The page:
The Outlet: Unique, to say the least, college basketball season still not quite here in Capital Region

The Capital Region's four Division I basketball coaches are shown. (Gazette file photos)

The Capital Region's four Division I basketball coaches are shown. (Gazette file photos)

The strange part, really, was that Will Brown wasn’t even talking about the situation that developed Tuesday with the nearby Siena men’s basketball team, which is now unable to open its season later this week.

No, the veteran UAlbany head coach, speaking during a teleconference session with reporters since in-person media availabilities have become increasingly burdensome for area basketball programs to offer as the coronavirus pandemic continues, was just commenting on how commonplace cancellations, pauses and delays are during this Division I college basketball season that’s being attempted.

“This is the world we’re living in right now,” Brown said. “There’s going to be interruptions moving forward. In my opinion, it’s inevitable.”

Later, he added: “We have to focus on, and be consumed with, today — and let’s embrace today and appreciate today, and we’ll worry about tomorrow when tomorrow comes.”

At this point, if they haven’t already, all college basketball coaches and players have to adopt that ethos. Each of the four Capital Region head coaches of Division I programs, all of whom have had their programs pause at least once this preseason, met virtually with reporters Tuesday, and none of them offered up a rosy picture as to what’s ahead.

Siena men’s head coach Carmen Maciariello, whose team announced its second coronavirus-related pause Tuesday and that it won’t open its season later this week at Fairfield because of it, said he gets “really frustrated” when he considers all the games — time and experiences, really — his club has lost in the last nine months.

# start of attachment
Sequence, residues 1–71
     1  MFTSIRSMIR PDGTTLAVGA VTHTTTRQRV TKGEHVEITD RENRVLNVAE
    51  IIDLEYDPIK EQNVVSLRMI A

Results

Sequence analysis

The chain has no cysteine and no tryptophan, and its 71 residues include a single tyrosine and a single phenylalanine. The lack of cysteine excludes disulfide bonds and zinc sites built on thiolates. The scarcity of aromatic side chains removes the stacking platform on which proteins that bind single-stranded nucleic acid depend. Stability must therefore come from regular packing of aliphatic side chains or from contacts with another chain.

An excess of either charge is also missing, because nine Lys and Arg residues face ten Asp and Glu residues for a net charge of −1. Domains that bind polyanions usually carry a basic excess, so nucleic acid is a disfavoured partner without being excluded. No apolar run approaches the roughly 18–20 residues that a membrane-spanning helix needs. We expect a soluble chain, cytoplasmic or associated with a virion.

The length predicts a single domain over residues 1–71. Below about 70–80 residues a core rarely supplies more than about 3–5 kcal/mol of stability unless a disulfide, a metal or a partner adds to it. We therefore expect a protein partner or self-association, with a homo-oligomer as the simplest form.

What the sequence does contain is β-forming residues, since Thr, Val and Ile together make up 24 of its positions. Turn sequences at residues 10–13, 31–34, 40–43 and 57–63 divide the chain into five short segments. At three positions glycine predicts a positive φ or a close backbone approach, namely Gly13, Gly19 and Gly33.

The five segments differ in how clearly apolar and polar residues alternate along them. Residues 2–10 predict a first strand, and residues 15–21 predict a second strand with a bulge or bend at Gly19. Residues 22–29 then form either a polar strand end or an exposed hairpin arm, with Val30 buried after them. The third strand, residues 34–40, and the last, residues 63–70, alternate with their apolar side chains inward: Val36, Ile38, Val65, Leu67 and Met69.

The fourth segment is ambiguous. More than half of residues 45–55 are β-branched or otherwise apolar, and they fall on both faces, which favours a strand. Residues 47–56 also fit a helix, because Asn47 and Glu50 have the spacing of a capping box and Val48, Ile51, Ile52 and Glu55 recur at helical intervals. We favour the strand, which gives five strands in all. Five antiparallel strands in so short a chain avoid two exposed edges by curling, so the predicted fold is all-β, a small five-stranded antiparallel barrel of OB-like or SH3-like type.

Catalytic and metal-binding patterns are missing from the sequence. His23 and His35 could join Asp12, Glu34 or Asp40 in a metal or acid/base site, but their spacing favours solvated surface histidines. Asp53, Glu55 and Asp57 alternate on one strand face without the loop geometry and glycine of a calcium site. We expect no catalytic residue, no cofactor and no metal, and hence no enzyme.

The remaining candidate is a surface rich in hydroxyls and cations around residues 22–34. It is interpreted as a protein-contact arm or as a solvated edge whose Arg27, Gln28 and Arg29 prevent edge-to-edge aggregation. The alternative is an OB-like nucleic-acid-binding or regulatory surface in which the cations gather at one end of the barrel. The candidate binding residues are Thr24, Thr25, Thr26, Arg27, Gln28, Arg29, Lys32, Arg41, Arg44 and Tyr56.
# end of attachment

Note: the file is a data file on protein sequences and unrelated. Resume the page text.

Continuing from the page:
Brown, as each of the area’s coaches have brought up at one point or another, cautioned that the constant stop-and-start nature of this season is “very difficult emotionally, mentally for our guys.”

Siena women’s head coach Ali Jaques offered up a “if we get to March” at one point when discussing her team’s long-term prospects.

As for UAlbany women’s head coach Colleen Mullen? She may have overall been the most upbeat Tuesday of the area coaches, but that was an easy bar to clear. Still, her session with reporters spent ample time using words such as “difficult,” “challenge,” and “setbacks,” and including the only-makes-sense-in-2020 sentiment that she thinks some of her players may opt to play games this season wearing protective face masks since they’ve come to view that accessory as “part of their uniform.”

And  . . . they’re right?

At the very least, they’re certainly not wrong.

That’s the type of season that college basketball players and coaches signed up for when the decision was made to try to administer a campaign amid a pandemic that caused the cancellation of the prior one’s end. So the cancellations, pauses and delays will continue, especially for mid-major programs at schools such as UAlbany and Siena that cannot put in place all the mitigating measures that schools in, say, the Atlantic Coast Conference or Big Ten Conference are able to afford.